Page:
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Cartier North America CEO stresses importance of carefully curated digital presenceBy Sarah Jones
NEW YORK – The North America chief of French jeweler Cartier at the L2 Forum 2013 said that while the brand is investing heavily in digital media, the house proceeds with caution when applying a new social media tactic, keeping in mind the brand image and long legacy.
While other brands jumped on Facebook and began posting a lot of content, Cartier decided to test the waters first, only posting one item a month out of worries that fans would tire of seeing multiple posts from them. During the “A Conversation with Prestige CEOs” session the Cartier executive said that the jewelry brand has since raised the frequency of its social media postings, but still keeps a tight hold on its presence online
“There is this notion of a challenge,” said Emmanuel Perrin, CEO of Cartier North America.
“We don’t want to be the first ones out of the gate,” he said. “We want to do it properly when we leave.
“So far, we’ve managed to translate the luxury stories of the Cartier line [into digital].”
The session included CEOs from Tumi Holdings and Kate Spade New York as well. The panelists discussed how having an online presence can give brands information they would not have had access to otherwise.
Kate Spade decided to do an online-only launch of its Saturday line. Through customer feedback via its ecommerce site, the marketer was able to address fit and color concerns before it was available in stores.
“That brand is focused on a younger consumer, and she definitely lives and shops in that space, so we thought [an online launch] was important,” said Craig Leavitt, CEO of Kate Spade, also at the panel.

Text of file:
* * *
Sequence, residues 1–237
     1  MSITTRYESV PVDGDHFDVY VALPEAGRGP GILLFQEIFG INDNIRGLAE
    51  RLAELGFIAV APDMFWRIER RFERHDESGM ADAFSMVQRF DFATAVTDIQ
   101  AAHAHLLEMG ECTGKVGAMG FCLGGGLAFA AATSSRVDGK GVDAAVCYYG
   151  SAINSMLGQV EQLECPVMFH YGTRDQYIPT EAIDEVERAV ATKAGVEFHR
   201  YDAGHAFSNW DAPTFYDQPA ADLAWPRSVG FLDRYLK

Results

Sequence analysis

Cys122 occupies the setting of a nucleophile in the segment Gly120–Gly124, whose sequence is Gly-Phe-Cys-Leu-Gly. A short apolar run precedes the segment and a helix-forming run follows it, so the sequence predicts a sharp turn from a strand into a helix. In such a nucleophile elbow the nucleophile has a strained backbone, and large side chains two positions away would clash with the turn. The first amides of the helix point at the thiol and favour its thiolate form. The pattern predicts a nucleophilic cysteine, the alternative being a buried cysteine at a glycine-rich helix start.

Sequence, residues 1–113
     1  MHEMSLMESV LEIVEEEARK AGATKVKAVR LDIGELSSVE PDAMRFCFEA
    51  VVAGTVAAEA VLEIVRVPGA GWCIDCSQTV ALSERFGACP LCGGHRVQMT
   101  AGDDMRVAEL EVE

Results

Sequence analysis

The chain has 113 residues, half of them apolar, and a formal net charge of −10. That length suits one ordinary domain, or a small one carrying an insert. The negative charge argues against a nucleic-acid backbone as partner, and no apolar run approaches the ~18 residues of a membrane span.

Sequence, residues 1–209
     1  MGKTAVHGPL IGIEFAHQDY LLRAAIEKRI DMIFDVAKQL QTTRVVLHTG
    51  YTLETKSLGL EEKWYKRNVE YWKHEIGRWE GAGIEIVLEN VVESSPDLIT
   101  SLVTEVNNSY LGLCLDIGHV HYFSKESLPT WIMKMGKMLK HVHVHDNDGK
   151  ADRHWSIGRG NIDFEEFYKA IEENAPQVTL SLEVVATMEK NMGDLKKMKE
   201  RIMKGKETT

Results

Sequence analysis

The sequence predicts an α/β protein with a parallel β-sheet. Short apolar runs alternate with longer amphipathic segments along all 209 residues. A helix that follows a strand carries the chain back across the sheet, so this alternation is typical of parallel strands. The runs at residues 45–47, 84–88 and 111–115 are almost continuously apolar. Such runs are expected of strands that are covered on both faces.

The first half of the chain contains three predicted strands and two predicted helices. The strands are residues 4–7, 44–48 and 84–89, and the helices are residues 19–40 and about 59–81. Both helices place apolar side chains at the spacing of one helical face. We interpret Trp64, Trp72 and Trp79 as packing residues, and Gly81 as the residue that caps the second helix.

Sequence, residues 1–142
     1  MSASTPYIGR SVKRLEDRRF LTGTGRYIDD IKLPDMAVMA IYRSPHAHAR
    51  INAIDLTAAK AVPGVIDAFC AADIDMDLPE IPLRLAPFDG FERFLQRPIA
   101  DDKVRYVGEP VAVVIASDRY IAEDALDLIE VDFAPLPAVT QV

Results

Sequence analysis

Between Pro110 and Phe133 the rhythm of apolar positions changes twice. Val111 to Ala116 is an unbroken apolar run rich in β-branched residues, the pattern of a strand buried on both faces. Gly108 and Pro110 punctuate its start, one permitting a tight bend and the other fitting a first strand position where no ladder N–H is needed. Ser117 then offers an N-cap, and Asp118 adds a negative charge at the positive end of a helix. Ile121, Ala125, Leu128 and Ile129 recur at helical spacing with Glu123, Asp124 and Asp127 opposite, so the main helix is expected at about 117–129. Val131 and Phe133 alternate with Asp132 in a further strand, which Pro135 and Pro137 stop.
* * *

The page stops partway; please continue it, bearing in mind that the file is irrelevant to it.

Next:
“First of all, it makes a statement about the importance of that channel of distribution to that consumer and, secondly, it allowed us to gain a lot of knowledge about the product, and the consumer’s reaction to it, and to be able to respond to it through that channel, because they’re very vocal,” Mr. Leavitt said.
One of the most important aspects of entering the digital space is finding people to run your online efforts. Kate Spade has chosen to empower its younger, more online-savvy employees to be decision makers when it comes to its digital presence.
It was that same group of employees that was influential in the strategy to make Kate Spade Saturday an ecommerce-only line in its beginning.
A streamlined approach
Other brands are focusing their online content in order to connect with their consumers.
French fashion label Christian Dior is giving enthusiasts a guided tour of the brand’s inner workings through a revamped Web site that stresses the importance of heritage rather than pushing ecommerce.
Unveiled on Oct. 31, the redesigned site allows consumers to “walk in the Dior world” by experiencing an array of images and content that tout the apparel label’s history in a magazine-like format. The increased focus on curated content let’s Dior connect and engage with consumers on a deeper level but does not necessarily drive sales (see story).
Italian fashion label Giorgio Armani is seeking to pull consumers to its ecommerce options with a new Web site that emphasizes simplicity.
The redesign allows consumers to easily navigate the world of Armani through enhanced search functions and cleaner categories. By making the Web site more functional, Armani is likely to see a boost in ecommerce (see story).
As brands expand and tweak their digital presence, one thing to keep in mind is quality over quantity.
“There’s so many avenues for consumer feedback, but it also creates higher levels of consumer engagement,” Mr. Leavitt said. “And so how do we make sure that we continue to feed her information about the brand, but in a way that’s actually consumable.
“Because I don’t think that tons of content is the most effective way to do that,” he said. “It has to be something that’s really edited and focused so she’s not overwhelmed with information.”
Sarah Jones, editorial assistant on Luxury Daily, New York
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